Sights: A good (if a little hilly) city to walk around with lots of architecture around Grand Place and up towards the square of Grand Sablon.
However, we preferred the area around Place Ste Catherine where there were lots of nice roads and squares off it, each with bars and restaurants. The Christmas market is based here and is a classier affair with cava as common as Gluhwein and a slightly higher level of Christmas tat – and a big wheel. In December 2015 there was a good son-et-lumiere on Ste Catherine’s church (though some of the others around town were a bit naf).
I loved the Parlamentarium (the European Parliament Visitors’ Centre) which is free and offers a good insight to the EU.
The Atomium is a bit of a way out but has good views and is just as intriguing on the inside as it is on the outside.
Travel: We flew to Brussels and then used the local train to travel to the centre (30 mins). The metro is useful to cover the long distance out to the European Quarter but most of the historic centre is walkable.
Accommodation: Meininger Hotel Brüssel City Center (Quai du Hainaut 33, 1080): a hotel/hostel hybrid; large room with TV and ensuite shower but a little quiet. It’s by a pleasant canal and a few minutes walk to Place Ste Catherine and the bars around there. http://www.booking.com/hotel/be/meininger-bra1-4ssel-city-center.html?aid=1222377&no_rooms=1&group_adults=1
Food & Drink: There are plenty of good bars around Place Ste Catherine and on Rue Ste. Catherine. Our favourite was Bar des Amis (Rue Sainte-Catherine 30) which had plenty of Belgium beers on but there are plenty of others (e.g. Café Merlo – Quai aux Briques 80; Monk – Rue Sainte-Catherine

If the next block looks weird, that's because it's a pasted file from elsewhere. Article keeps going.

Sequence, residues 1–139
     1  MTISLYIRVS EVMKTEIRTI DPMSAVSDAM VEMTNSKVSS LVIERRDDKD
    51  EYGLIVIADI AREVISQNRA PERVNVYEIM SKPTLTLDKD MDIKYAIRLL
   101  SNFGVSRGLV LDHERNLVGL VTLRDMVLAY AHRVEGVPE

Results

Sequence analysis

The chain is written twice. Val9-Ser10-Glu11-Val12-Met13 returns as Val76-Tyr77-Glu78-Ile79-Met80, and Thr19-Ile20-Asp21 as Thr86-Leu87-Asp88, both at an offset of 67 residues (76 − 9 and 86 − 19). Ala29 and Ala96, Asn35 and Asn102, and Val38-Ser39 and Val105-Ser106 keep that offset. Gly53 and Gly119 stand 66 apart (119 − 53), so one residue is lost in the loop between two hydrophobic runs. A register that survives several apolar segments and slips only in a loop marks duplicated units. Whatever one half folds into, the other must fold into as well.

42; Chicago Café – Rue de Flandre 45; Café Walvis – Rue Antoine Dansaert 209)
We had a good meal standing outside La Mer du Nord/De Nordzee (Rue Sainte-Catherine 45, 1000 Bruxelles) with fresh fish dishes & cava (they have a sit-down Café next door – Café Claude).
There are also some good bars around the Halles de Saint-Géry, a couple of blocks from Place Ste Catherine. There are some nice (if top end) cafes around Grand Sablon.
Further Reading & Listening:
Guide books: There was sufficient detail in my Lonely Planet – Europe on a Shoestring for this trip when accompanied by an up to date local map. I love politics but it is worth knowing a little about the European Union whose institutions can be found throughout the city.
Podcasts: For news about Europe and its institutions I find DW’s Inside Europe an easy introduction: https://itunes.apple.com/us/podcast/inside-europe/id80106806?mt=2
Social Media: For excellent, accessible articles on EU politics and European news more widely by leading specialists, LSE’s Europp blog is excellent: http://blogs.lse.ac.uk/europpblog/